Volunteers’ Week 2021

Volunteers’ Week 2021

Headway Essex volunteers come in all shapes and sizes and from all walks of life. Everyone has skills and time they are prepared to give. The reward is knowing their help contributes to making peoples’ lives better.

At Headway Essex we are so grateful to all our amazing volunteers. We would not be able to help so many people without their unselfish support.

In Volunteers’ Week, we hear from Maggie Cooper who has volunteered with Headway Essex since 1987.

People Were Desperate for Help

I first became interested in brain injury when I worked at Colchester Hospital as a Speech and Language Therapist. I realised there was little opportunity for people with communication difficulties following a brain injury, to socialise, make friends as well as improve their skills.

I was there when Headway started as a coffee evening where 40 people turned up desperate for help. We realised how lacking in support these people were. That was in 1987 and I have been a volunteer ever since as well as its chairman for 12 years and a trustee of National Headway.

Volunteering is an Important Part of My Life

With my good friend and education tutor, Annabelle Glover, we set up a group for people with communication problems in 1981 as part of Clacton Stroke Group. We subsequently set up a group in Harwich. Then we started a similar class when Headway acquired a bungalow on the grounds of Severalls Hospital in Colchester.

In 1990 after researching why we still had attendees who were unable to make friends and hold down a job we added another group for those who needed help with their social skills. These were the ‘walking wounded’ who had no outward signs of disability but were often socially inappropriate.

Now it has become an important part of my life, as it has with the other loyal volunteers. What makes the work fascinating, is we never know how the morning will turn out. We see so much improvement as the service users settle in, relax and progress towards their goals. It is never boring and although we are caring we are there to say it as it is. This way we help survivors to find the balance between hope and reality.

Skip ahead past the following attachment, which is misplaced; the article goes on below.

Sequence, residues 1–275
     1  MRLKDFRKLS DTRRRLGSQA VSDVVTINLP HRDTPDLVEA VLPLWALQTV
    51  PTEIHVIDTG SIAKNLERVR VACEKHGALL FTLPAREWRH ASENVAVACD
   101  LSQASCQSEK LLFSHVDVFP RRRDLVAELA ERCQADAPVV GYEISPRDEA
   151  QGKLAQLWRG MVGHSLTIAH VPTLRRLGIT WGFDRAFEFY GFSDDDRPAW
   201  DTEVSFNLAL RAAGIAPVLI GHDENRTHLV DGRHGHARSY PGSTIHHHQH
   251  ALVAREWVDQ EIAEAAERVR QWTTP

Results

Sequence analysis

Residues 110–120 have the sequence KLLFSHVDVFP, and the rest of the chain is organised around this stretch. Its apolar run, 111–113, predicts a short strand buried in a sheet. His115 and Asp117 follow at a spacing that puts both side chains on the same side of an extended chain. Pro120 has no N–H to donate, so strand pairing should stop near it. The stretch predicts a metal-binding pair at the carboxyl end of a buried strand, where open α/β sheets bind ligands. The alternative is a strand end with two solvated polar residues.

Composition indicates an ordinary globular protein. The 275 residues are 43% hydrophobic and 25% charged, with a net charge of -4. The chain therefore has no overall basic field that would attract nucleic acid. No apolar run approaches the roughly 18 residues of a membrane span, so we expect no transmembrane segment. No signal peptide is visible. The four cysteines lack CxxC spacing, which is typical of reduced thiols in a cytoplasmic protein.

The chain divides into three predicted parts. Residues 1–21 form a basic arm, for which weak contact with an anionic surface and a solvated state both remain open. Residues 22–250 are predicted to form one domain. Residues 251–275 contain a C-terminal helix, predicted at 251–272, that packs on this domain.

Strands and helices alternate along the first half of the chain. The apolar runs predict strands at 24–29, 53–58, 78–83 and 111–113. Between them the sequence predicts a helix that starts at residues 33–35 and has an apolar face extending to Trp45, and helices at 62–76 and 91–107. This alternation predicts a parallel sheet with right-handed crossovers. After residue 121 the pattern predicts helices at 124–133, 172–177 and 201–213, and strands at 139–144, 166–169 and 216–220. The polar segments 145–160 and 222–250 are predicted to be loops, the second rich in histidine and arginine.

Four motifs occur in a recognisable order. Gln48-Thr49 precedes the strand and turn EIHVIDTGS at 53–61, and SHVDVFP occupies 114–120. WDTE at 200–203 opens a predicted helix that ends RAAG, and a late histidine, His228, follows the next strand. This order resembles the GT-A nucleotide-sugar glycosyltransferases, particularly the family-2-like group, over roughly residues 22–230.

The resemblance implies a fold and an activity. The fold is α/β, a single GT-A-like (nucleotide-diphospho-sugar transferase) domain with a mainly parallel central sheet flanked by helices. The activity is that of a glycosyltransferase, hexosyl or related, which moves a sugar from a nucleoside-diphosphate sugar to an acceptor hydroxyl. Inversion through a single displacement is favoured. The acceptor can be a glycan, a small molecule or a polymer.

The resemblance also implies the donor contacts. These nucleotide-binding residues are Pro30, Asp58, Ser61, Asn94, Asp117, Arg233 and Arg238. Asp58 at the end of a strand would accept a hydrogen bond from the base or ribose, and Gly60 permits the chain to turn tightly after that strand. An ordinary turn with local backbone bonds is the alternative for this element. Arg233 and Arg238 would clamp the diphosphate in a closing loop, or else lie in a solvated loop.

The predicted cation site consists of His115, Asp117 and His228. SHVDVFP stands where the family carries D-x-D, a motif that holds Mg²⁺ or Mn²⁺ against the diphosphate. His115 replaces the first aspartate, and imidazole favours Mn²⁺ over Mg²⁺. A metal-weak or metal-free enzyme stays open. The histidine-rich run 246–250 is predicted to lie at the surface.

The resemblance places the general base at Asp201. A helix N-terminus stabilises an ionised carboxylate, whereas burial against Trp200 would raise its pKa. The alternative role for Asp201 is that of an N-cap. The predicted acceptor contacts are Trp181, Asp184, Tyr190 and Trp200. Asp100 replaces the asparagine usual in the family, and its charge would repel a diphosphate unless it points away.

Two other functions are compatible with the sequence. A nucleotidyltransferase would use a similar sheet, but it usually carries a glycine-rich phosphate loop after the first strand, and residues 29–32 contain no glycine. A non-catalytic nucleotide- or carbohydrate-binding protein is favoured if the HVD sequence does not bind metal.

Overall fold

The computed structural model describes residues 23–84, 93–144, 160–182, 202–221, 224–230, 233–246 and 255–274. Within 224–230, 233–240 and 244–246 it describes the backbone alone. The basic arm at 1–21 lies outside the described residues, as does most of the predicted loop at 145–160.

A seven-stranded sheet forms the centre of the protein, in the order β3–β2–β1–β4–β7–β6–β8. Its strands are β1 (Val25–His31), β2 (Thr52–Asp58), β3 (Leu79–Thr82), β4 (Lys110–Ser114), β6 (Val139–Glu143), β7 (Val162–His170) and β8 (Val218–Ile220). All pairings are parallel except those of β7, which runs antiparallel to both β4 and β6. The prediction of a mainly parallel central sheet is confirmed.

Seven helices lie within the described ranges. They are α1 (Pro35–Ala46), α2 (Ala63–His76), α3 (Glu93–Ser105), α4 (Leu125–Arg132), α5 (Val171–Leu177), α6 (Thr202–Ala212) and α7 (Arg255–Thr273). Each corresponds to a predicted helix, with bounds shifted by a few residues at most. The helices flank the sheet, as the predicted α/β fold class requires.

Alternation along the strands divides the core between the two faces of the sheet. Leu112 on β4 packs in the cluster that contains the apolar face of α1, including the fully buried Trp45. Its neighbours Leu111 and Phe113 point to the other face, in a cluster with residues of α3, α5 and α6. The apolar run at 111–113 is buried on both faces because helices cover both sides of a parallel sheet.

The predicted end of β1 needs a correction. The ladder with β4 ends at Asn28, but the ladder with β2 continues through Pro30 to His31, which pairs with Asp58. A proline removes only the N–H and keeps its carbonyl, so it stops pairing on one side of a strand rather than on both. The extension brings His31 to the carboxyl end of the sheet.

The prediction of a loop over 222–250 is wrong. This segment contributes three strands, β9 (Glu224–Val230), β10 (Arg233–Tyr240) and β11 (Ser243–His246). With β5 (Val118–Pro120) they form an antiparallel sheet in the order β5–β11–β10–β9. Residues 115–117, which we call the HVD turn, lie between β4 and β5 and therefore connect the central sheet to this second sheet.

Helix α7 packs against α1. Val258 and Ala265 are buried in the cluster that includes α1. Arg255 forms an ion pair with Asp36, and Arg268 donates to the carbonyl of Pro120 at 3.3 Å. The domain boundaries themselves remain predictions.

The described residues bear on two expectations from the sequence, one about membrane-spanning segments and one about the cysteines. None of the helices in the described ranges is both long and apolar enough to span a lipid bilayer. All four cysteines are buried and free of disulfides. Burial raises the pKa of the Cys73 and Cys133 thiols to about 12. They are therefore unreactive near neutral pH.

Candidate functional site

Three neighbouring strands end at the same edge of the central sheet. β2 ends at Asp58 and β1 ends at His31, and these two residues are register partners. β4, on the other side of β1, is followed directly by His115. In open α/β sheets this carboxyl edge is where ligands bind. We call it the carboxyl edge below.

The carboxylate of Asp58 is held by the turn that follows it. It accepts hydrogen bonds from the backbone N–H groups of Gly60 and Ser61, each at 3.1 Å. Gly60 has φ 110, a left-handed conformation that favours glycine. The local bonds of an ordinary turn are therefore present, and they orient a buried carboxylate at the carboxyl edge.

Volunteers Come from All Walks of Life

It is a post-rehabilitation setting when the attenders start to develop, greater self-esteem, confidence, and new skills. Our valuable volunteers come from all walks of life, from students at the university, some hoping to go into care work as well as those who are retired and have a few hours to spare to do something worthwhile.

Volunteering is so Worthwhile

Some of the comments made by those who have survived brain injury illustrate their journey,

“The whole sky was dark and really black up there but now the clouds are moving away and only part of the sky is dark”

“I’ve got a lot of living to do. I want to wear my scars with pride because I survived.”

I think it can be expressed in a card I received from one man who has been attending and now was strong enough to face the big wide world.

Before coming to Headway Essex “People manipulated me and used me as a tool. This made me angry but you have my interest at heart and you give me the quality of life. You are honest and I am grateful to you always.”

It has been lovely to see everyone enjoy themselves at the Christmas lunches, BBQs, and trips out, putting their newly acquired skills into practice. This makes it so worthwhile.

Maggie Cooper

Headway Essex Volunteer

There are many different volunteer opportunities at Headway across Essex from working directly with brain injury survivors to admin support, gardening, mini-bus drivers, and fundraising. You can find out more about current opportunities on our volunteer website page.

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